Diving bell

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Franz Kessler Wasserharnisch 1616

A diving bell was an early system for underwater diving. The basic idea of a bell is that a hollow object, even with an open bottom, will hold air when put under water (this can be seen with a glass in a sink). If the bell is heavy enough it will sink below the water. A swimmer can be inside the bell and breathe, or hold his breath and swim outside the bell for a short time, and come back to the bell to breath again. The idea had been around for a long time, but became useful in the 1600s.[1] Scuba diving has mostly replaced diving bells although they are still used sometimes.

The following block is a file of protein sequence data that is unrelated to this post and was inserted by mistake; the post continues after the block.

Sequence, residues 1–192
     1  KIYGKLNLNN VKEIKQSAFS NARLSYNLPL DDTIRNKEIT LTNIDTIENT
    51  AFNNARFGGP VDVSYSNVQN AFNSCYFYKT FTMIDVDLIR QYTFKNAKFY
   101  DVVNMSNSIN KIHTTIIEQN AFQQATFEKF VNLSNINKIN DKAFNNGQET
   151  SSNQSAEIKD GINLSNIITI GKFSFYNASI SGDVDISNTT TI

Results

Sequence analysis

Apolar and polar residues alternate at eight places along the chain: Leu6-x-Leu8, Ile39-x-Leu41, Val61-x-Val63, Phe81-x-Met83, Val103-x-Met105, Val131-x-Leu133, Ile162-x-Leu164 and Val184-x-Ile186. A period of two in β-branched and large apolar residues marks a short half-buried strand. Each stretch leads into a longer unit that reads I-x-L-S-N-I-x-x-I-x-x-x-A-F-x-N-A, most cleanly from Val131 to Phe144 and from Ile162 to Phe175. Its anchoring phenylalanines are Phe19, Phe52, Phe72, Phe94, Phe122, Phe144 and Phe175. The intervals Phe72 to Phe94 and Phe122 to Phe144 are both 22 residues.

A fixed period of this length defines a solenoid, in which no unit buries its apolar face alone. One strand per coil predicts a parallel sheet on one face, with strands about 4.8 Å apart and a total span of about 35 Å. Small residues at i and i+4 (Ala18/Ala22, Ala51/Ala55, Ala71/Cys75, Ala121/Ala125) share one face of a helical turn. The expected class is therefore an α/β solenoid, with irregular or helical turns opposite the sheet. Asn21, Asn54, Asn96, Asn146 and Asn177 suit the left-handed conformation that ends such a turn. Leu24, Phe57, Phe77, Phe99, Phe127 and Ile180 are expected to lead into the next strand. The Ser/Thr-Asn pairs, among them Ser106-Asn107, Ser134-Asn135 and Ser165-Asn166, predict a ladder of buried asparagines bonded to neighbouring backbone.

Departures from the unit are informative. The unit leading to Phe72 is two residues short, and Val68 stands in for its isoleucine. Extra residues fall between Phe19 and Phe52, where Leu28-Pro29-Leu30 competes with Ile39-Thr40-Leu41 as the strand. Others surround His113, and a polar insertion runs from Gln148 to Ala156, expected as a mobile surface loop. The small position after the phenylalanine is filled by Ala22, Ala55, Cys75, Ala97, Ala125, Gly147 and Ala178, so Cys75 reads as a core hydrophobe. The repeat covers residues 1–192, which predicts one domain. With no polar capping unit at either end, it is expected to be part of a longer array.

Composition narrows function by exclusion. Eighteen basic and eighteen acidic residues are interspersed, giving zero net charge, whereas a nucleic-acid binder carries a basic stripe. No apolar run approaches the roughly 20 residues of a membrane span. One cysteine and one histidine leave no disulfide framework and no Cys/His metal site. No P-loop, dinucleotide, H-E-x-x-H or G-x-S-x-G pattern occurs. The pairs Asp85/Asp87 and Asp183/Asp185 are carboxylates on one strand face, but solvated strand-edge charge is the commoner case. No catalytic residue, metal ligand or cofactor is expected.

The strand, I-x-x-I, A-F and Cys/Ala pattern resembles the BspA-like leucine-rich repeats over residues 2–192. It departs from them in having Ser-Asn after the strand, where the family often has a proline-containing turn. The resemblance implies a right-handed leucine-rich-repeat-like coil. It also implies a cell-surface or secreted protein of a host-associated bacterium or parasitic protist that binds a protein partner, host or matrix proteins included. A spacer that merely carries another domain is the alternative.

References[change | change source]

  1. Alex Brylske. "A Brief History of Diving: Free Divers, Bells and Helmets Part I". Dive Training. Retrieved 14 April 2015.